Seminar for the Teaching & Learning Breakfast Series at the University of South Australia

Thursday 5 July, 2018


The Scholarly Teaching Fellow (STF) role was introduced into Australian universities in 2013. As of February 2018, almost 700 new positions had been created. The positions were aimed at creating a more stable teaching workforce, while also addressing growing concerns about the injustices of academic casualisation. In an academic workforce where non-secure forms of employment have reached 46% of full-time equivalence (Department of Education and Training, 2018) and role specialisation has seen a growth in teaching-intensive roles, the STF positions have had an important impact on the sector-wide debate about the relationship between teaching, scholarship and research.

This session presents the initial findings of an Office of Learning and Teaching-funded strategic project on Scholarly Teaching Fellows comprising 80 in-depth interviews conducted across several universities with STFs, managers and stakeholders. The presentation will discuss the challenge posed by the levels of non-secure employment in the sector and the disaggregation of the academic role, before considering the industrial and institutional responses. The implementation and experience of the new STF positions will be presented as part of a collective narrative analysis of the interview data. The impact of the changes on workloads, job security, professional identity and personal life will be discussed in relation to the purpose of the positions, the varied experience of academics in the roles, and the opportunities and challenges they pose to the composition of academic work more broadly.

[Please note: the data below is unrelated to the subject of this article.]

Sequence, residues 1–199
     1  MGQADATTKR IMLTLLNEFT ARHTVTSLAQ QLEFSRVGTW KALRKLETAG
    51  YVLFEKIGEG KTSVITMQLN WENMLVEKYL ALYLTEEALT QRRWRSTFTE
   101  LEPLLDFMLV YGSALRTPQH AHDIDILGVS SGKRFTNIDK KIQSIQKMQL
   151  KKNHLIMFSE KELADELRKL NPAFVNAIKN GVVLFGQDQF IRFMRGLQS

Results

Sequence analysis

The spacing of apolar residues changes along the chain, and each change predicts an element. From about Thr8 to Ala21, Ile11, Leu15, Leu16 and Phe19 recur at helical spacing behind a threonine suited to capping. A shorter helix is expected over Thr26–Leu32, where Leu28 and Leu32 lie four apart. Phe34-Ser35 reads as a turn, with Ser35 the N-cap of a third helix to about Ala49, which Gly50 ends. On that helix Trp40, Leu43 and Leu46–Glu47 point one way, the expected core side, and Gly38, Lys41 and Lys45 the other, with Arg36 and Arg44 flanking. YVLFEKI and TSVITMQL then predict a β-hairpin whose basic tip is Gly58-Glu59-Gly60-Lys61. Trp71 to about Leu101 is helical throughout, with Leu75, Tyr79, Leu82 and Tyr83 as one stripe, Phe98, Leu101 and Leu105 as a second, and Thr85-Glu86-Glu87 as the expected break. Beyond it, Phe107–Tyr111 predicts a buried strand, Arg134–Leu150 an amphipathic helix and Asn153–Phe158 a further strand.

This presentation is based on the project funded by the Commonwealth Department of Education and Training Office of Learning and Teaching: SP16-5285 ‘Scholarly teaching fellows as a new category of employment in Australian universities: impacts and prospects for teaching and learning’. We acknowledge our project team members James Goodman, Kaye Broadbent, Anne Junor, and Glenda Strachan whose intellectual contributions have informed this research.



View the webinar recording of the UniSA presentation (54:53) (may require Adobe Connect).


UniSA presentation slides (PDF, 2.2 MiB)